We collect personal information about you that includes your name, address, Social Security number, health, and financial information. This information is obtained from the forms you fill out, from telephone or person-to-person interviews with you, and from your agent. We also obtain your personal information through claims documents, payment history and other records available to us to determine which products and services are appropriate for you. We may also receive personal information about you from our affiliates and other companies.

    What Information We Share and To Whom We Share It:

    We may share your information, even after you are no longer our customer, with our affiliates as well as companies we do business with. We only share your information that we are allowed to by law. For example, we may share your information with persons, such as your agent, or companies who perform marketing or other services for us related to the products and services we provide you. We may also share your information with other financial institutions with which we have joint marketing agreements to provide our products and services.

    Google do share info with partners, like financial companies, logistics companies, vendors, ...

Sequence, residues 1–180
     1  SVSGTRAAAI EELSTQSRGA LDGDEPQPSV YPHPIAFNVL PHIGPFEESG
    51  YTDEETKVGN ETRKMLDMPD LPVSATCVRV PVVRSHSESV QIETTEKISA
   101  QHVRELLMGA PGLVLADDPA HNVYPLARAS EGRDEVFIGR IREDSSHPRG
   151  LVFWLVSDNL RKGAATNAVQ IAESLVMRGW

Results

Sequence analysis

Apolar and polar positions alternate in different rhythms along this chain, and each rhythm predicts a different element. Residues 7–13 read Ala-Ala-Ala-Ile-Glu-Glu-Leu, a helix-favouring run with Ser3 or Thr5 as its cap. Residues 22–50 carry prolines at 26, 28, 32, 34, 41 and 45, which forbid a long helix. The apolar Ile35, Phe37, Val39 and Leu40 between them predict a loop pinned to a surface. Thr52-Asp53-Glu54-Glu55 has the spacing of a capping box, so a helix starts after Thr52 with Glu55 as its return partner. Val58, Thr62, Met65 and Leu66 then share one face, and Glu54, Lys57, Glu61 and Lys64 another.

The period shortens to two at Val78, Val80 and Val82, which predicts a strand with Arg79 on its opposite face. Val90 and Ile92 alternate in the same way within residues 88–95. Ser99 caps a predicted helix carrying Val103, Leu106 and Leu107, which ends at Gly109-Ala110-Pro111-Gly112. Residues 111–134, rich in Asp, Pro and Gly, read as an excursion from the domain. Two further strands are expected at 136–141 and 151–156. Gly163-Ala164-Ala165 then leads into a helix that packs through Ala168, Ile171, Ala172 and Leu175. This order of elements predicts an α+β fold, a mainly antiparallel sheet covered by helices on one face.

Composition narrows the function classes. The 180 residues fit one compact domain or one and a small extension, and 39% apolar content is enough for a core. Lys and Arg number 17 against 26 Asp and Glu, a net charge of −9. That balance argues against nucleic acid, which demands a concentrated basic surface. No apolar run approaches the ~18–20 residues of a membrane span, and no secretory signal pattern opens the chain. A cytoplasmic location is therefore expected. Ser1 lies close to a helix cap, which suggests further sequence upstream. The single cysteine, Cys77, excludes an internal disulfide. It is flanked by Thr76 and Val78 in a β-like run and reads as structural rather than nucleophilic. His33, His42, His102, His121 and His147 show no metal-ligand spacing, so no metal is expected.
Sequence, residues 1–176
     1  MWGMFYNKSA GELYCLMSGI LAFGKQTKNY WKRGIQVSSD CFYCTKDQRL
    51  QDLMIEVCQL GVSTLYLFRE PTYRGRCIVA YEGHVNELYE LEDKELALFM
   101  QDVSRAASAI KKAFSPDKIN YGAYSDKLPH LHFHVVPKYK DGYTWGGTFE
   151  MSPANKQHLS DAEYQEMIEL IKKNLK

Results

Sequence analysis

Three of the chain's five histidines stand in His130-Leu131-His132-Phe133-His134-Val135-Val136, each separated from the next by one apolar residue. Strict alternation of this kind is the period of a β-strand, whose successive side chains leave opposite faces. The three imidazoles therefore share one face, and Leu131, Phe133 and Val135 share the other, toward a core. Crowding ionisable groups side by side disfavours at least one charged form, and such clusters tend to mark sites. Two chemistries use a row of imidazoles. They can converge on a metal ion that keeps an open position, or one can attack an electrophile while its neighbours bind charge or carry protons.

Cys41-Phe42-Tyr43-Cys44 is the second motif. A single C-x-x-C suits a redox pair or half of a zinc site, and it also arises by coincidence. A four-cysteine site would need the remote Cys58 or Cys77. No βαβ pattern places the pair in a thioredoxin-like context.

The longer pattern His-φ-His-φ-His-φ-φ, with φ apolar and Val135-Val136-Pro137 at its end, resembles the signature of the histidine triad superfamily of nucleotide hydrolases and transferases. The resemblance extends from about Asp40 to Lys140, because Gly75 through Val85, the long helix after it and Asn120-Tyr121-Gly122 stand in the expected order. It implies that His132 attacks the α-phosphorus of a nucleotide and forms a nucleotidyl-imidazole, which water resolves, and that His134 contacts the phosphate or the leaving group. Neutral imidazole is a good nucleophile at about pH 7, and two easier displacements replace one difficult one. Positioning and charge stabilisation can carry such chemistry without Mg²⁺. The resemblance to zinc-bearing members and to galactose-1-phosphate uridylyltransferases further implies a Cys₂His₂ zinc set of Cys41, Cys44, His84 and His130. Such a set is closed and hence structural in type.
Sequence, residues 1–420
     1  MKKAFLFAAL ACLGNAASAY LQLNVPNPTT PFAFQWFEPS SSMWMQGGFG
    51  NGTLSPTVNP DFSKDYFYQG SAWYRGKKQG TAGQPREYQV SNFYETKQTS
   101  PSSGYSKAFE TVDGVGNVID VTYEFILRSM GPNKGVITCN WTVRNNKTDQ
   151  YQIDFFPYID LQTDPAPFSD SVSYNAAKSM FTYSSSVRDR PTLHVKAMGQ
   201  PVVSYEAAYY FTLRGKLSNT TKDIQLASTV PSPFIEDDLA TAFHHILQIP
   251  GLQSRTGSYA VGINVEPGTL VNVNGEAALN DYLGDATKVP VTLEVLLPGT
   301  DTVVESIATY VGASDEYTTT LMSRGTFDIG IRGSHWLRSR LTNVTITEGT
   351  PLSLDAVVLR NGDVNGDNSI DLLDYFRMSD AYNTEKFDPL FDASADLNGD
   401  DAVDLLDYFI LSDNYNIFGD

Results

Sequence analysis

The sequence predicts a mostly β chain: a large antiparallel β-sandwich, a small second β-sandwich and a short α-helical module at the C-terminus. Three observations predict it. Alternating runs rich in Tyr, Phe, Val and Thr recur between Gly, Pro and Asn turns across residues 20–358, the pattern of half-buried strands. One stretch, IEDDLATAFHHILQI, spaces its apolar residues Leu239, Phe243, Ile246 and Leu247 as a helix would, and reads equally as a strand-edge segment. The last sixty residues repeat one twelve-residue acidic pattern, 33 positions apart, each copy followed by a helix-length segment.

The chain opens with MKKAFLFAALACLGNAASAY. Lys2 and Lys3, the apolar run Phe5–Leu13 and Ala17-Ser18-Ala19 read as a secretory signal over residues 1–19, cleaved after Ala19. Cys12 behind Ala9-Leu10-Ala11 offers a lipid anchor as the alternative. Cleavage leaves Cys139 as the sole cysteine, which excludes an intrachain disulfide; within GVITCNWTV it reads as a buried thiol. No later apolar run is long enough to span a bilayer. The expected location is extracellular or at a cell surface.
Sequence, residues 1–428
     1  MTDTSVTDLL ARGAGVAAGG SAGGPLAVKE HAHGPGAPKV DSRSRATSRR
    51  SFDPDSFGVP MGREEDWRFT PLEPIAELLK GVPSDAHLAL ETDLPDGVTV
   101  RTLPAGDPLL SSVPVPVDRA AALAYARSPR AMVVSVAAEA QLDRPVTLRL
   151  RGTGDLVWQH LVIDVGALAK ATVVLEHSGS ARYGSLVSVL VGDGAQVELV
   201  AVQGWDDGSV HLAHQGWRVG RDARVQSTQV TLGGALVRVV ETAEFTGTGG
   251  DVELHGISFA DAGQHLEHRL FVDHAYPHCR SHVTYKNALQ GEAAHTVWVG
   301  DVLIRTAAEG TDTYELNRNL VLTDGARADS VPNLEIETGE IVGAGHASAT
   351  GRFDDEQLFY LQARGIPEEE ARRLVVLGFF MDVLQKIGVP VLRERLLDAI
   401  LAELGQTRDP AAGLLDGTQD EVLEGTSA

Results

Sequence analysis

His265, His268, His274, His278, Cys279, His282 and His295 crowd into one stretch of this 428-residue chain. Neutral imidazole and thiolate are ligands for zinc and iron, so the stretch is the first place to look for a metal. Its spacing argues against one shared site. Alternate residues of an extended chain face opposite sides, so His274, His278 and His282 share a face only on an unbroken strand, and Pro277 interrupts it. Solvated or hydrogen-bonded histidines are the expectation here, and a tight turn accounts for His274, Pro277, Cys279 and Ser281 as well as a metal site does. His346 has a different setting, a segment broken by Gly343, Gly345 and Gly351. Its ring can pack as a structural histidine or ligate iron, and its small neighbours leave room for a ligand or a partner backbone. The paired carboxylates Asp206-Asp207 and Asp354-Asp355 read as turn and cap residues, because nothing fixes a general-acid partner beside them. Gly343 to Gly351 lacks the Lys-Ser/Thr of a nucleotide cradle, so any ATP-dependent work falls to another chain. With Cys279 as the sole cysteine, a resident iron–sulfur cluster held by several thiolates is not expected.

They also use your data recklessly by allowing random folks to see my son's protected videos on google +, allowing people to email me without my address, showing my photo for advertising purposes by default, and ignoring do-not-track user policies. ... to point out a few.
  • Reply 17 of 90
    kibitzerkibitzer Posts: 1,113member
    Wearable technology, eh? Imagine their getting into genital stimulators and somebody hacks them. Wednesday no longer will be the only Hump Day.
  • Reply 18 of 90

    What an ignominious end to the company that invented the mobile phone.

     

    Best

  • Reply 19 of 90
    jungmark wrote: »
    They don't share my medical records. Unfortunately it's a given that our names and addresses are shared.

    And neither will Google...
  • Reply 20 of 90
    patsupatsu Posts: 429member
    hydrogen wrote: »

    Great : you have invented a new business ! (I'm serious)

    I think so too. Perhaps Apple should make anti-tracking solutions. Everyone may want one once every little thing starts analyzing us. XD